Crow CountryCrow Country by Kate Constable
My rating: 3 of 5 stars

I’m still in two minds about this book. One the one hand it’s beautifully written, has good pacing, solid characters, good structure and brings important issues out into the open. The basic storyline – about a teenage girl who moves (against her wishes) to the small country town where her mother grew up – sets up the current racial conflicts, and those unresolved from the past, really well.

It is important to note the author liaised with Aboriginal Elders from the country she was writing about, and that there is a foreword from an Elder from that country which is supportive of the novel. I think (though I don’t know for sure) that the author was probably trying to achieve a few things, including looking at how racism against Aboriginal peoples occurs today compared to the past, looking at the current impact of past racist policies and beliefs, and also taking some ownership, as a white person, for recognising and wanting to make reparations for past wrongs.

In doing this the author had to make some tough choices. How could she tell this story without culturally appropriating the Aboriginal Dreaming story of the crow? How could she raise the issues for young adults in a way that didn’t apportion blame/guilt but instead shone a light on the issues so they could be discussed with openness. She tackled the first question by choosing a white narrator, and by working with the local Aboriginal peoples to get their advice. Secondly, she pulls no punches with some very accurate dialogue that clearly shows some of the current racist attitudes that fall under the “I’m not racist but…” banner. But she also glosses over some issues in a way that overall do detract from the book as a whole.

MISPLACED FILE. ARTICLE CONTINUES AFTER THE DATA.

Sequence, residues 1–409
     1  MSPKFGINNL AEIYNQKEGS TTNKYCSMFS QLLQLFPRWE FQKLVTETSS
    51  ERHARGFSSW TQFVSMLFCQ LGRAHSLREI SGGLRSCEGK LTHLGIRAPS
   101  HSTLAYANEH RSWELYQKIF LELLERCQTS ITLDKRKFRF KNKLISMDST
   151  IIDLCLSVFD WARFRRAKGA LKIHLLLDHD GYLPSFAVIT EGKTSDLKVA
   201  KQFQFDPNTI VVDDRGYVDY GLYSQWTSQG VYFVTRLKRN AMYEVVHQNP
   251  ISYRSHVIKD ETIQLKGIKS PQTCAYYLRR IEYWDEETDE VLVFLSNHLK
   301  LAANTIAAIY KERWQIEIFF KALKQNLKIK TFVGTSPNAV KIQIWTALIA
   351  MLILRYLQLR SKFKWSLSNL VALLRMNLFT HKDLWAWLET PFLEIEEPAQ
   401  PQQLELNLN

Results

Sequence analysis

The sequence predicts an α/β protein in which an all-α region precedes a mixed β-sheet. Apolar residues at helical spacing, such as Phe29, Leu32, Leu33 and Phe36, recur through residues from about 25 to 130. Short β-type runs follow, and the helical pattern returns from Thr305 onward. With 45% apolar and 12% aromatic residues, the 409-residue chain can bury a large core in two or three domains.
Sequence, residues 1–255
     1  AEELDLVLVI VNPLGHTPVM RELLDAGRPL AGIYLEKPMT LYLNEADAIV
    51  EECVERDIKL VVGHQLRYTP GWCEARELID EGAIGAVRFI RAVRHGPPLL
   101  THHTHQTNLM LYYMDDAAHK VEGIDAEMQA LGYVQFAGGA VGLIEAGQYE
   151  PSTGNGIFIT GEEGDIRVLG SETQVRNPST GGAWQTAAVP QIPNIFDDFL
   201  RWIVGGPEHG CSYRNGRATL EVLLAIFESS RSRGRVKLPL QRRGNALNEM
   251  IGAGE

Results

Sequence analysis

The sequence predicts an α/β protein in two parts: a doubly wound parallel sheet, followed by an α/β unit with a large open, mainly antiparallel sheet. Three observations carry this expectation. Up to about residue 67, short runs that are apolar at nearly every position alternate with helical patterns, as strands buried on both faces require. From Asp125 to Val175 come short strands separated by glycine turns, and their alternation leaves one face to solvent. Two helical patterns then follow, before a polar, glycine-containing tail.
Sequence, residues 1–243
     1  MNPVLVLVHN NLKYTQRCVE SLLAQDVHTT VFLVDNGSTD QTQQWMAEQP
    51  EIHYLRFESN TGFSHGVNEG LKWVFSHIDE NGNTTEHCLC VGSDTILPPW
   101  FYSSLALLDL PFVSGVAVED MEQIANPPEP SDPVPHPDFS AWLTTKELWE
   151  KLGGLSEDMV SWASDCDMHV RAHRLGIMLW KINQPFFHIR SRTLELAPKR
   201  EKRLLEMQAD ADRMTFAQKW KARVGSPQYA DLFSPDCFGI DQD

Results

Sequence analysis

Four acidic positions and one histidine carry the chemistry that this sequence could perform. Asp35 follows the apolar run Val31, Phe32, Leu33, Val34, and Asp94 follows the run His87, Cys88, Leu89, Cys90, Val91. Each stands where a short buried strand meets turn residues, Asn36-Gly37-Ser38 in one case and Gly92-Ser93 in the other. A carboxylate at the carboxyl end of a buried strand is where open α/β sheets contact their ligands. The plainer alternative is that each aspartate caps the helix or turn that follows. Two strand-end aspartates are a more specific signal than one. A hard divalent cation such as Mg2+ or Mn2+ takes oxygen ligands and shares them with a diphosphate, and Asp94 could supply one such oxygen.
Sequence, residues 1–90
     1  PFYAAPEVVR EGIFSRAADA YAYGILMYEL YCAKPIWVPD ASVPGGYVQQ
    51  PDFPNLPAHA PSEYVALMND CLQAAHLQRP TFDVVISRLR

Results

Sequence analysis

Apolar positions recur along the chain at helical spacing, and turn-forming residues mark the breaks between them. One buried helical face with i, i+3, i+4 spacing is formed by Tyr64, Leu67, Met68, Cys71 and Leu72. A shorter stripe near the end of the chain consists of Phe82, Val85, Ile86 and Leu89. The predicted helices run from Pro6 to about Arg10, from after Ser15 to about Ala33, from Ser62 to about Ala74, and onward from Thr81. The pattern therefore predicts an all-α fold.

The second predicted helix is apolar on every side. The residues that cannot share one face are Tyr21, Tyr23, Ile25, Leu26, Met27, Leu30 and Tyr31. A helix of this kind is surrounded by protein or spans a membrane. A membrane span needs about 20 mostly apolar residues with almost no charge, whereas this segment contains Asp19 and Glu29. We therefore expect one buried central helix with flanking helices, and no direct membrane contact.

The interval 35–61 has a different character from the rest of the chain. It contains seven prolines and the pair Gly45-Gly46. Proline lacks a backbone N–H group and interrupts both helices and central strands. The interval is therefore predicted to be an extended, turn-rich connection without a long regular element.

I think the review by Book Smugglers is right when it points out that the real problem with this book is its focus. Book Smuggler writes: “Because you see, it is all about the whites. This is a story in which a white heroine is chosen by the totem of an Aboriginal Clan to right wrongs of the past. Because for some reason she is the only one that can do it even though she is friends with an Aboriginal boy who is actually a descendant of the murdered man and someone who shares the same religious beliefs as Jimmy did.” The full review from Book Smugglers is worth reading, and although I don’t 100% agree with it I think it raises a lot of valid points.

So, should a book like this be written at all? How should non-Indigenous authors write about Australia’s true history since white settlement/invasion? I think Constable has taken important steps to write this book the best possible way she could, with the best intentions. But I can’t help thinking that maybe a better solution for this story might have been to work with an Aboriginal co-author. Many of the stories of Australia’s recent history in relation to our nation’s First Peoples are not pretty. They do need to be told. But I think we need to think carefully, and as non-Indigenous people step outside our own world view, to think about why and how we tell them.

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